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'We can stage the biggest international events': Qatar wants to host B&I Lions match in 2025

By Finn Morton
(Photo by MB Media/Getty Images)

This year’s FIFA World Cup will go down in history as one of the most exciting instalments of the prized competition, as it proved to the world that Qatar can host successful international events.


But that’s not to say the tournament wasn’t without controversy.

The 22nd edition of Football’s biggest stage delivered unprecedented drama and history, but was marred by allegations of corruption and human rights concerns.

Many fans who made the journey to Qatar also paid top dollar for underwhelming accommodation – up to $400 AUD per night to sleep in shipping containers.

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However, despite the concerns of many ahead of the tournament, the Qatar World Cup was largely a success.

According to Sportsmail, Qatar has a desire to host other major international events in the future, including a British and Irish Lions match in 2025.

The Qatar Rugby Federation reportedly want to host a regular stop on the World Sevens Series, and potentially a Sevens World Cup.

But 12 years on from their clash against the Barbarians in Hong Kong, a Lions team steeped in tradition could make their way to the Middle East for a first-ever appearance in Qatar.


“The success of the World Cup has shown that we can stage the biggest international events in this country,” an unnamed source told Sportsmail.

“Qatar is already due to stage the 2030 Asian Games and there’s talk of an Olympic bid in 2036 so we’re focusing on growing the Olympic sports.

“Rugby Sevens fits with that model and we have the infrastructure to stage global events.

“A full rugby World Cup would be beyond us, but we could stage a one-off Lions Test and a Sevens tournament. Sevens only needs one stadium and is completed in three days.”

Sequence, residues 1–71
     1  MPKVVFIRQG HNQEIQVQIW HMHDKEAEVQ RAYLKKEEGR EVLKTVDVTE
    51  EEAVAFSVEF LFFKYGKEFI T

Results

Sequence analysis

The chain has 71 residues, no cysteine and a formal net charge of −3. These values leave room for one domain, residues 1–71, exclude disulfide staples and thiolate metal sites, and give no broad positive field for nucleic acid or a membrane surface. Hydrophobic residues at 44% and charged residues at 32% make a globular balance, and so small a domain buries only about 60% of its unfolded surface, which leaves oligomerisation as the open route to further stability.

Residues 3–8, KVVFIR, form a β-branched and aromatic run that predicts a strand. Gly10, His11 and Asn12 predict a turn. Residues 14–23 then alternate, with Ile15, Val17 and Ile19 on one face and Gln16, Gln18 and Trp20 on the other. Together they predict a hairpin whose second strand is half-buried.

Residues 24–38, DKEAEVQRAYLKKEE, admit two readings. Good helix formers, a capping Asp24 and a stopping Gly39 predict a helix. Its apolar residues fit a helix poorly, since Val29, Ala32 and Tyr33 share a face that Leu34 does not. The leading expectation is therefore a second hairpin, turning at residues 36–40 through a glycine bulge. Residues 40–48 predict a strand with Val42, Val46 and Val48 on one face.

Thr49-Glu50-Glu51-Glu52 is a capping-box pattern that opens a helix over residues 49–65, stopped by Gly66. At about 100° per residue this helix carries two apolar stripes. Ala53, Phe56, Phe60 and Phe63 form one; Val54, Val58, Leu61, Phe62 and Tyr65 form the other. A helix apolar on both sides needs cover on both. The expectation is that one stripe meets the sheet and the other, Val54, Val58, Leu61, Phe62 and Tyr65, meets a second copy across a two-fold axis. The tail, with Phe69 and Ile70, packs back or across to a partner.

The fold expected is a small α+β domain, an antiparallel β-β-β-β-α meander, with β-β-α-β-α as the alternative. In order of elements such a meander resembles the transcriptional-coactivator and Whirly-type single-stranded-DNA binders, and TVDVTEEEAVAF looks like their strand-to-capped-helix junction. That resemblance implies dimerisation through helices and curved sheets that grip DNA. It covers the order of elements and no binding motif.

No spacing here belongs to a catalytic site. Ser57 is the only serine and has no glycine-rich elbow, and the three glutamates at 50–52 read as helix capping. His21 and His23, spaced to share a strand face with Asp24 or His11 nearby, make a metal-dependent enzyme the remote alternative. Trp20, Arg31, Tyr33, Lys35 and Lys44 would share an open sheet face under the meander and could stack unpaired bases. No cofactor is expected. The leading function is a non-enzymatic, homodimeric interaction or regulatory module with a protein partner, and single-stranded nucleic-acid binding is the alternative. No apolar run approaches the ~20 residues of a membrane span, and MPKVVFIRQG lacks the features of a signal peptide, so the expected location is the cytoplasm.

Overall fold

The British and Irish Lions began their tour to Australia in 2013 with an emphatic 59-8 win over the Barbarians at Hong Kong Stadium.


Legendary scrumhalf Mike Phillips and Alex Cuthbert starred in the coveted red jersey with two tries each, and Owen Farrell added 15-points off the kicking tea.

The convincing victory set the tone for the successful tour, with the Lions winning the Test series two-to-one over the Wallabies.


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Flankly 10 hours ago
Resilient Irish will test Springboks despite provincial setbacks

The Bok kryptonite is complacency. How did they lose to Japan in 2015, or to Italy in 2016? There are plenty of less dramatic examples. They often boil down to the Boks dialing back their focus and intensity, presuming they can win with less than 100% commitment. This can be true of most teams, but there is a reason that the Boks are prone to it. It boils down to the Bok game plan being predicated on intensity. The game plan works because of the relentless and suffocating pressure that they apply. They don’t allow the opponent to control the game, and they pounce on any mistake. It works fantastically, but it is extremely demanding on the Bok players to pull it off. And the problem is that it stops working if you execute at anything less than full throttle. Complacency kills the Boks because it can lead to them playing at 97% and getting embarrassed. So the Bulls/Leinster result is dangerous. It’s exactly what is needed to introduce that hint of over-confidence. Rassie needs to remind the team of the RWC pool game, and of the fact that Ireland have won 8 of the 12 games between the teams in the last 20 years. And of course the Leinster result also means that Ireland have a point to prove. Comments like “a club team beating a test team” will be pasted on the changing room walls. They will be out to prove that the result of the RWC game truly reflects the pecking order between the teams. The Boks can win these games, but, as always, they need to avoid the kryptonite.

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FEATURE Resilient Irish will test Springboks despite provincial setbacks Resilient Irish will test Springboks despite provincial setbacks